What is Corporate Capital
Corporate capital is the mix of assets or resources a company can draw on in financing its business. In deciding on and managing their capital structures, company managements have important decisions to make on the relative proportions of debt and equity to maintain.
BREAKING DOWN Corporate Capital
The types of capital a corporation has available to it take several forms. Equity capital is one broad type with multiple components. Common shares and preferred shares issued as well as paid-in-capital, the par value of all issued stock, are part of a company’s equity capital. Retained earnings, profits that have been reinvested in in the business instead of paid out to shareholders, are another. On the debt side, borrowings include fixed income securities such as loans, bonds and notes payable, are another. A company’s capital structure might also include hybrid securities such as convertible notes.
The decisions a company makes with respect to its corporate capital can affect both its access to and cost of financing, tax liability (because of the favorable tax treatment, or tax shield, debt receives), its credit rating, and ultimately its liquidity. In coming up with an optimal corporate capital structure companies generally give significant weight to how much flexibility, in maintaining ownership control, financing and managing the business, a given structure will provide them.
Managing Corporate Capital
How a company manages its corporate capital can reveal a lot about the quality of its management, financial health and operational efficiency. It’s also an important part of valuation. For example, a company whose retained earnings are growing might signal one with high growth prospects, for which it expects to need to use those accumulated earnings. It might signal one operating in a capital-intensive sector that needs to retain most of its profits rather than paying them out as dividends or returning them to shareholders via buybacks. It might also indicate a company with a lack of profitable investment opportunities. For these reasons, retained earnings should always be reviewed in combination with other metrics of a company’s financial health.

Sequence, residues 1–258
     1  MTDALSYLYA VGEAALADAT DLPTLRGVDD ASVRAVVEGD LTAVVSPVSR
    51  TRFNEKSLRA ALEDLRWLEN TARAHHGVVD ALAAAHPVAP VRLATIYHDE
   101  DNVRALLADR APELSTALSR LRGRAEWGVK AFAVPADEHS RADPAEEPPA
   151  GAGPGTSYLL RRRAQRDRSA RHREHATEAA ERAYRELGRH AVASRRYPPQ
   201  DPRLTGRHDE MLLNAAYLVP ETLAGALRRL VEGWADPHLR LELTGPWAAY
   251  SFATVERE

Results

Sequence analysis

Key ratios to calculate for these purposes are total debt to equity, and long-term debt to equity. Both can provide a picture of a company’s financial position by revealing how much financial leverage or risk is present in the capital structure. The level and trend of the ratios over time is important. Also important is how they compare to other companies operating in the same industry. Overly leveraged capital structures can point to developing or potential liquidity problems. Under leveraged structures might mean a company’s cost of capital is too high.